If you’ve been watching the news at all over the last couple days, I’d imagine this question may have come to your mind concerning us and our plans. Let me just say up front: Our plans right now remain unchanged. We are still hoping to be in Beirut by mid-September starting language studies. Does the current situation scare us? There are a couple of answers I often give when posed with that question…the first is in a post Nicolette wrote up not so long ago on fear. The second answer I will often give is: yes. of course. But the current situation is also a reminder of why we want to work in this part of the world…we want to be a part of bringing about true, lasting Peace straight from the Source.
Is it “safe” moving to Lebanon? We are often asked this question, and the sentiment behind it encourages me. I…We very much hear and appreciate your concern and care for us. We certainly don’t tackle the issue of safety lightly. A year or two ago, a very dear friend of ours blogged about the issue of safety as he, his wife, and baby girl prepared to move to another chaos-prone country. His post so clearly echoes our thoughts on the issue that I have included it below for your reading pleasure. His answer to the question, “But is it safe there?”:
The answer has several parts. First, we believe the safest place we can be is living in obedience to God. We believe that God created us to share the Gospel with people who have never heard. When Jesus gave the command, “Go therefore and make disciples of all the nations,” he coupled it with a promise, “And remember, I am with you always, to the end of the age” (Matthew 28:19–20).
Does the presence of the Triune God insure that we won’t get hurt or die? No. The night before he was executed, Jesus told his disciples, “Remember the word that I said to you, ‘A slave is not greater than his master.’ If they persecuted Me, they will also persecute you” (John 15:20). Being a follower of Christ involves a willingness to follow in his footsteps. We can’t “leapfrog” over the cross to the resurrection. Too many of us have unwittingly bought into the Prosperity Gospel that promises heaven right here on earth. God’s promises will come true, but we err if expect the blessings without the hardship. Jim Elliot, slain missionary to the Wadoni People (formerly known as the Auca Indians) famously said, “He is no fool who gives what he cannot keep to gain what he cannot lose.”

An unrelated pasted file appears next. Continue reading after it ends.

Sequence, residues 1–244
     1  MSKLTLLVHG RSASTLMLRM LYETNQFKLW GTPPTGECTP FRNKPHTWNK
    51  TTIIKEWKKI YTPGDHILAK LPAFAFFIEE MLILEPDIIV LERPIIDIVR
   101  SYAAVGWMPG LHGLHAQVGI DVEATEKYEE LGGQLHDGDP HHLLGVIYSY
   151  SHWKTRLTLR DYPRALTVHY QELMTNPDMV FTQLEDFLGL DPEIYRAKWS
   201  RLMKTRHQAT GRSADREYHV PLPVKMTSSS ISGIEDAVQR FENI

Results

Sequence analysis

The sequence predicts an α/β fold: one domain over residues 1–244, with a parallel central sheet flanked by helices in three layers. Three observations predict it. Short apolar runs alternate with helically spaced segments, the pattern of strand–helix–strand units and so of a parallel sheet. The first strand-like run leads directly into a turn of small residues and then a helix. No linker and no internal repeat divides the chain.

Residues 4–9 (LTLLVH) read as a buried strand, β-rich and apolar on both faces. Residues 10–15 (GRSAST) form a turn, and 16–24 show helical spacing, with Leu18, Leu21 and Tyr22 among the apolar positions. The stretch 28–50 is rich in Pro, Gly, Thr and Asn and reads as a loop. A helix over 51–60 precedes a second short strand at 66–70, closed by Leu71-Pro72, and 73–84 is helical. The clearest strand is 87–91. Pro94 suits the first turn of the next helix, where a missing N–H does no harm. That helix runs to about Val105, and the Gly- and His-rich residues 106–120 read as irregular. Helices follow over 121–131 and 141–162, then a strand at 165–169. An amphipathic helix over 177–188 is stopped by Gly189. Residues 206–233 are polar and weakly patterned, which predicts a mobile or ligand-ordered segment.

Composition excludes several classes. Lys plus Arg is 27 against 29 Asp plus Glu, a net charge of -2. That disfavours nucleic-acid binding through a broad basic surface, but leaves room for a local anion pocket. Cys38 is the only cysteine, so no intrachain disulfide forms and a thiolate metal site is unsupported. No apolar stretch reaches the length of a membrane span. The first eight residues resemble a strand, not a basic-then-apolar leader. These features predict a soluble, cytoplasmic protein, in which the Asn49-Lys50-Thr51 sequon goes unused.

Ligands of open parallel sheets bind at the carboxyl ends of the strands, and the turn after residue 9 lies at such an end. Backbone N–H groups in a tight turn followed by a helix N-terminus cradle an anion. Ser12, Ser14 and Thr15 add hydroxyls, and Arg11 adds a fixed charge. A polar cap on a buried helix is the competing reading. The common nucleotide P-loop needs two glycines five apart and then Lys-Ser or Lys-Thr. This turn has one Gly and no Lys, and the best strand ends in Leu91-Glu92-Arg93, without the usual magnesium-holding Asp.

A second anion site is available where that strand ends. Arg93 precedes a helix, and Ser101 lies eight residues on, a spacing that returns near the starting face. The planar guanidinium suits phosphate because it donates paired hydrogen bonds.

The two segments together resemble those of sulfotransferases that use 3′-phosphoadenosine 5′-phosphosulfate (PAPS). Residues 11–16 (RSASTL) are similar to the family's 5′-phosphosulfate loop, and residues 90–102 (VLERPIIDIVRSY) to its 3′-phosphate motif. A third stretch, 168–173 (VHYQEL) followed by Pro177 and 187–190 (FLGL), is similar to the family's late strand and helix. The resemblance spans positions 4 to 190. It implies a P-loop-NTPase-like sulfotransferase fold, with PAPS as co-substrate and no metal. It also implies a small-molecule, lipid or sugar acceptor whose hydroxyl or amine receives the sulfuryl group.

Second, safety is an illusion. No place is safe. Living in America is not safe. Driving in a car is not safe. Eating at a restaurant is not safe. People go to great lengths to find security, but all in vain. People buy SUVs, install alarm systems, and live in gated communities in an attempt to find security.
We don’t like to admit it, but none of these things can keep us safe. Deep down we all know that tomorrow we could lose our jobs or the ability to work, the stock market could crash, we could be diagnosed with cancer, or a hurricane, tornado, drought, or earthquake could strike. The Bible says, “You are a vapor that appears for a little while and then vanishes away” (James 4:13–14). We have no guarantee of tomorrow, and we can’t avoid risk.
So since risk is unavoidable, why not be intentional with the risks we take? Why not take risks that glorify God? Let’s take risks that produce everlasting results.
What is the difference between faith and foolishness? Foolishness is taking risks that have a temporal purpose. Faith is taking risks that have an eternal purpose. Faith takes risks in obedience to God’s commands. Foolishness is focused on self. Faith is focused on God and others. When we put all of our eggs in God’s basket, we find that it’s really not a risk.
…That’s sort of a long answer to the question, “Is it safe.” For us, it is a calculated risk that we think is worth it. Our confidence is in the Lord who has led us to -[this country]-. No matter what happens, His goodness never fails.
There is a peculiar tension between faith in God’s goodness and the logical responses we feel watching CNN at night. Conflict in Lebanon seems, at times, to be as sure as the fact that the weather changes (at least outside of Arizona, where it will be 100F from this Friday until next fall, I suspect). The current situation, if it continues, may force us to do language studies elsewhere. But it may be sorted out and life brought back to “normal.” Our plans remain unchanged at present. Our hope remains firmly fixed on its Source.
posted by: caleb